The WTO conference received intense media coverage when about fifty thousand protesters gathered in the city. The WTO, which consists of many member nations, operates as a governing body for global trade and business. The majority of protesters were nonviolent, but a small group smashed in windows of stores. The Seattle police and the Washington National Guard were called in, and a state of emergency was declared by the mayor of Seattle, involving curfews, mass arrests, and the use of tear gas and rubber bullets to break up protests. Tear gas, a substance that irritates the eyes and can cause burns on the skin, and rubber bullets, which do not kill but can leave painful marks on the body, are used mainly to scatter large crowds. Much media coverage focused on incidents of mayhem and confrontations. Journalist and activist Roni Krouzman (1977–), who traveled to Seattle to take part in the protests, reported a different story.

Things to remember while reading the excerpt from "WTO: The Battle in Seattle: An Eyewitness Account":

  • Protesters of the WTO conference came from many countries. They included students, members of environmental groups, religious leaders, and workers threatened with job loss. Demonstrators were following in the tradition of other groups who had held mass demonstrations for such causes as women's rights, civil rights, and world peace.
  • Krouzman suggested that the mainstream media chose not to tell the whole story because they are part of certain large collections of individual companies or businesses, called media conglomerates. These conglomerates make up some of the largest multinational (consisting of several nations) corporations that directly benefit from globalization.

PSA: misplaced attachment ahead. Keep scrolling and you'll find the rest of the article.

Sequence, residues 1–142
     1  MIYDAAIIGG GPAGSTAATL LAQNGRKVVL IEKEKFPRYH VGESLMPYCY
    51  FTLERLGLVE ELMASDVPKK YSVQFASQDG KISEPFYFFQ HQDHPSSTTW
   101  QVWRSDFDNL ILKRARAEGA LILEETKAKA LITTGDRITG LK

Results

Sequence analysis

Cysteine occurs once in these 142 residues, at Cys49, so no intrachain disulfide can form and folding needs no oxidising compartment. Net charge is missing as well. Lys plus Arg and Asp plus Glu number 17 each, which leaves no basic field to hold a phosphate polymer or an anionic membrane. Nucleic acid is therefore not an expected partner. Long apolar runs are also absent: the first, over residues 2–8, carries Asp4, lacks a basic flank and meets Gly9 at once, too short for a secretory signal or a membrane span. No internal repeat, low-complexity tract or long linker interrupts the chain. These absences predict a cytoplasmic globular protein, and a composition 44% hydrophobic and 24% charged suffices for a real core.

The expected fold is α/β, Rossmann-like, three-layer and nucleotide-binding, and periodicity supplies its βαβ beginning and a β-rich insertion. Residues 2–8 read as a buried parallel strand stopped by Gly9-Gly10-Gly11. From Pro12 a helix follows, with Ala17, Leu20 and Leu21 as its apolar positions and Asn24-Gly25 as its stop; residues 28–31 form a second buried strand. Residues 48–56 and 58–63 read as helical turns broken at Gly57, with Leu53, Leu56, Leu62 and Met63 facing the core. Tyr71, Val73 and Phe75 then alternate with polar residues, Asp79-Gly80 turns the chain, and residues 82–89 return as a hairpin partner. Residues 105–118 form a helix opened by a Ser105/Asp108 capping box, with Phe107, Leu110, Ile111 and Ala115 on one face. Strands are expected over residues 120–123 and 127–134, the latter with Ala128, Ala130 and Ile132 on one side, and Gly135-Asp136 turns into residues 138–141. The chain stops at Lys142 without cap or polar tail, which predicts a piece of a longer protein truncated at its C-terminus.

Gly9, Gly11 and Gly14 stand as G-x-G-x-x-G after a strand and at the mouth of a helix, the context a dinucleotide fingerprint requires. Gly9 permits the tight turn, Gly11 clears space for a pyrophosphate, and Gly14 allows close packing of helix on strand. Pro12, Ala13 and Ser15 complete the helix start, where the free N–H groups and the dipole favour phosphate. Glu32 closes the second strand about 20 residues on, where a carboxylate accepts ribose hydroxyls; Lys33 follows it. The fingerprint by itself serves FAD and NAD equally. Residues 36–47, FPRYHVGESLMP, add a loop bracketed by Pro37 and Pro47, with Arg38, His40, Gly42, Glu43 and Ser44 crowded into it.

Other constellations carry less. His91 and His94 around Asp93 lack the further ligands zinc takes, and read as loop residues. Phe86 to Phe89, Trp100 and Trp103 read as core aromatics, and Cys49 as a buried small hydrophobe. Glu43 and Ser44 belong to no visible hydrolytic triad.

Excerpt from "WTO: The Battle in Seattle: An Eyewitness Account"

As I looked upon the sea of people occupying Fourth Street in downtown Seattle last Tuesday, I could not help but feel energized and proud. We were occupying the city and dancing in its streets. We were nonviolently stopping the WTO and corporate globalization. We were making history.

But when I left the demonstrations and turned on the local news, I heard talk of rioters and chaos, not singing and dancing. I heard talk of police restraint in the face of "anarchist" violence, not police brutality against nonviolent direct action. I heard talk of a city driven to the brink of collapse by "angry protesters," and not an unjust system of exploitation creatively and beautifully stopped in its tracks.

They say that truth is the first casualty of war. Unfortunately, it is also the first casualty of popular rebellion. Now it's time to set the record straight about what happened and is still happening in Seattle.

I witnessed and took part in an incredible week of action and thought, one that united diverse interests to creatively challenge a global order that places profits over people. On Friday night and all day Saturday, 2,500 of us attended a series of lectures and were motivated and informed by intelligent, inspiring people from across the U.S. and around the world. But the media wasn't there.

Teach-ins and workshops continued on Sunday, when the first sign of protests emerged. Several hundred people, including French farmer and anti-globalization activist Jose Bové, demonstrated in front of a downtown McDonald's, creatively and energetically. Toward the end of the rally, someone broke a window, and that's what the media concentrated on.

That night I stumbled upon the Convergence Center, Seattle's grassroots direct action headquarters, and could not believe what I saw. Hundreds of young people filled this commercial space on Capitol Hill, milling about three massive rooms cluttered with flyers, banners and props. They all seemed so engaged, holding discussions in intimate circles, creating signs and teaching each other about civil disobedience and legal aid, and occasionally studying a giant 200 square foot map of the city that hung from a wall.